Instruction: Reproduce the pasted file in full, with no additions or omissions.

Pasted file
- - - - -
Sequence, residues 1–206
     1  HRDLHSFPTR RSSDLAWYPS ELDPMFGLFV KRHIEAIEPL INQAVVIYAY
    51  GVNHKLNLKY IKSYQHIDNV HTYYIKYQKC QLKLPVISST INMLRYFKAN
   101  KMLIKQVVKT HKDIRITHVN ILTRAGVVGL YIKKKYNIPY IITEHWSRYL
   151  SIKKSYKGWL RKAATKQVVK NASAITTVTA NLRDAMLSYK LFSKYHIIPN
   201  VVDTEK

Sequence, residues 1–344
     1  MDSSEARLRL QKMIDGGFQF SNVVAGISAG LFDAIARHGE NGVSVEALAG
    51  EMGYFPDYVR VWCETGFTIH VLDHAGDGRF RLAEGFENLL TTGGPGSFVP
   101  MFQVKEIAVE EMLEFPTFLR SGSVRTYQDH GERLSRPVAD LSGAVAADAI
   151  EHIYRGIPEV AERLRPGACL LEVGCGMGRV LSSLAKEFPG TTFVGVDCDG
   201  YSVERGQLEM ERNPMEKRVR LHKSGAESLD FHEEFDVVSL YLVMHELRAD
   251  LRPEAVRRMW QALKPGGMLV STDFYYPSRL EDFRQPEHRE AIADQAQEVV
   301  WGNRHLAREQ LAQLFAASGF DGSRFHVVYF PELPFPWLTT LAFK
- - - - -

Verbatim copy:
Sequence, residues 1–206
     1  HRDLHSFPTR RSSDLAWYPS ELDPMFGLFV KRHIEAIEPL INQAVVIYAY
    51  GVNHKLNLKY IKSYQHIDNV HTYYIKYQKC QLKLPVISST INMLRYFKAN
   101  KMLIKQVVKT HKDIRITHVN ILTRAGVVGL YIKKKYNIPY IITEHWSRYL
   151  SIKKSYKGWL RKAATKQVVK NASAITTVTA NLRDAMLSYK LFSKYHIIPN
   201  VVDTEK

Sequence, residues 1–344
     1  MDSSEARLRL QKMIDGGFQF SNVVAGISAG LFDAIARHGE NGVSVEALAG
    51  EMGYFPDYVR VWCETGFTIH VLDHAGDGRF RLAEGFENLL TTGGPGSFVP
   101  MFQVKEIAVE EMLEFPTFLR SGSVRTYQDH GERLSRPVAD LSGAVAADAI
   151  EHIYRGIPEV AERLRPGACL LEVGCGMGRV LSSLAKEFPG TTFVGVDCDG
   201  YSVERGQLEM ERNPMEKRVR LHKSGAESLD FHEEFDVVSL YLVMHELRAD
   251  LRPEAVRRMW QALKPGGMLV STDFYYPSRL EDFRQPEHRE AIADQAQEVV
   301  WGNRHLAREQ LAQLFAASGF DGSRFHVVYF PELPFPWLTT LAFK